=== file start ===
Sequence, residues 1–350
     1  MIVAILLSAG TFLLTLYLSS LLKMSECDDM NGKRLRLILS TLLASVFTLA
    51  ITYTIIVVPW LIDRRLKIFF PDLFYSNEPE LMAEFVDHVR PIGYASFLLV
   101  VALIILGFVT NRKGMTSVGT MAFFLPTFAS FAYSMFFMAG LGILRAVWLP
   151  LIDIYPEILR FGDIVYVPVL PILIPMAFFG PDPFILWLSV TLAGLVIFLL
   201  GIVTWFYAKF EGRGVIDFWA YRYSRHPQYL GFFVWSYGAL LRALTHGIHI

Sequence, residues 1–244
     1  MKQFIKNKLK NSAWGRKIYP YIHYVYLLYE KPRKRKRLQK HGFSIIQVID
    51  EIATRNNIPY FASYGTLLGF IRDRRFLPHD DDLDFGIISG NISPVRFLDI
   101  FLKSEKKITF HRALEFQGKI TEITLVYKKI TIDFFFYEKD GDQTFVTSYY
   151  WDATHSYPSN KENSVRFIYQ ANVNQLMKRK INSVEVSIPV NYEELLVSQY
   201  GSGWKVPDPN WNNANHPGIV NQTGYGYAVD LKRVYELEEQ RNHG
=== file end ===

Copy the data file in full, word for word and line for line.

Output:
Sequence, residues 1–350
     1  MIVAILLSAG TFLLTLYLSS LLKMSECDDM NGKRLRLILS TLLASVFTLA
    51  ITYTIIVVPW LIDRRLKIFF PDLFYSNEPE LMAEFVDHVR PIGYASFLLV
   101  VALIILGFVT NRKGMTSVGT MAFFLPTFAS FAYSMFFMAG LGILRAVWLP
   151  LIDIYPEILR FGDIVYVPVL PILIPMAFFG PDPFILWLSV TLAGLVIFLL
   201  GIVTWFYAKF EGRGVIDFWA YRYSRHPQYL GFFVWSYGAL LRALTHGIHI

Sequence, residues 1–244
     1  MKQFIKNKLK NSAWGRKIYP YIHYVYLLYE KPRKRKRLQK HGFSIIQVID
    51  EIATRNNIPY FASYGTLLGF IRDRRFLPHD DDLDFGIISG NISPVRFLDI
   101  FLKSEKKITF HRALEFQGKI TEITLVYKKI TIDFFFYEKD GDQTFVTSYY
   151  WDATHSYPSN KENSVRFIYQ ANVNQLMKRK INSVEVSIPV NYEELLVSQY
   201  GSGWKVPDPN WNNANHPGIV NQTGYGYAVD LKRVYELEEQ RNHG